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The Weight of Water

The Weight of Water is a 1997 bestselling novel by Anita Shreve. Half of the novel is historical fiction that speculates about the true events of the Smuttynose Island murders of 1873.

Plot summary

In 1873, two women living on the Isles of Shoals, a group of islands off the coast of New Hampshire, were brutally murdered. A third woman, named Maren, survived by cowering in a sea cave until dawn. More than a century later, Jean, a magazine photographer working on a photoessay about the murders, returns to the Isles with her husband, Thomas, and their five-year-old daughter, Billie, aboard a boat skippered by her brother-in-law, Rich, who has brought along his girlfriend, Adaline. As Jean becomes immersed in the details of the 19th-century murders, Thomas and Adaline find themselves drawn together-with potentially ruinous consequences.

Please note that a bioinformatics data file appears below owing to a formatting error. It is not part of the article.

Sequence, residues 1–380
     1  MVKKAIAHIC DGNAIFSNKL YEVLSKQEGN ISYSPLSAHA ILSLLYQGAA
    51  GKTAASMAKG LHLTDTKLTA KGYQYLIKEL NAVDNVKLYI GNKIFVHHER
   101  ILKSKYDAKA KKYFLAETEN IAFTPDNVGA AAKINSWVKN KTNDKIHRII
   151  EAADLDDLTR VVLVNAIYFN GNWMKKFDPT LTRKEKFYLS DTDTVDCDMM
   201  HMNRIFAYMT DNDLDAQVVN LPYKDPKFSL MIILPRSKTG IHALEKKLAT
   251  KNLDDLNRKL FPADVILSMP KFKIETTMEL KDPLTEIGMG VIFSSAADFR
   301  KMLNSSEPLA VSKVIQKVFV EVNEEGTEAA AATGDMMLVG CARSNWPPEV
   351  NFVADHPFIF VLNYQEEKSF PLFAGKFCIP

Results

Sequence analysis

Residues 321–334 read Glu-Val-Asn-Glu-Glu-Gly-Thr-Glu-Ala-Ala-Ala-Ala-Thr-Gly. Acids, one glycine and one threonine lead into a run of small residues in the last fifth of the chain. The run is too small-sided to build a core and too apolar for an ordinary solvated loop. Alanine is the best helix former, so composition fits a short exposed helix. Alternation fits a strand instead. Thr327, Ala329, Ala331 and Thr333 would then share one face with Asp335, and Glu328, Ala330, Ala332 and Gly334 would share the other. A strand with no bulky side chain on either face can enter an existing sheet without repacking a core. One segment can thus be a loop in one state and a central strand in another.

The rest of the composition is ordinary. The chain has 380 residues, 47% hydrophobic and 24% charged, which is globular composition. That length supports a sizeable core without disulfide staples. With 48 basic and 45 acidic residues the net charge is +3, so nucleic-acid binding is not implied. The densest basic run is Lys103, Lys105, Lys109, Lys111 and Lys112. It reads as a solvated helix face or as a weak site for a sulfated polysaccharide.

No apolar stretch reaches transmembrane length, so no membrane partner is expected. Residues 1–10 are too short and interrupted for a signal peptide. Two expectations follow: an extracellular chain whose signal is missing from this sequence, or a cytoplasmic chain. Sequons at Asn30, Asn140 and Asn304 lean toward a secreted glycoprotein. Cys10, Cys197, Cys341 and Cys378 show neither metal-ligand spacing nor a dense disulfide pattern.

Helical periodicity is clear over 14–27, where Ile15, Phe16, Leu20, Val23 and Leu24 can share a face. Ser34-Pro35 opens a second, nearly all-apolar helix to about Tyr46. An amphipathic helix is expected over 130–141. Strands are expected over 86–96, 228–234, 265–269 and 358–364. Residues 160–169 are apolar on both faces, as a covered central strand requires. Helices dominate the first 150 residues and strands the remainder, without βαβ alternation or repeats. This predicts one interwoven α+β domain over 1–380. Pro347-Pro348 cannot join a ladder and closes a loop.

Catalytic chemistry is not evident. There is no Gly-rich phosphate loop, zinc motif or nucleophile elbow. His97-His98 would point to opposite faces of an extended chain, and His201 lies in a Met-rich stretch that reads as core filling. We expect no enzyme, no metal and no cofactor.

The novel is split into two parts: the present day, told from Jean's point of view and in the present tense, and 1873, told in first person from Maren's point of view as a memoir (past tense).


A film adaptation of the same name, directed by Kathryn Bigelow, was released in 2002. It starred Sean Penn, Catherine McCormack, Elizabeth Hurley and Sarah Polley.

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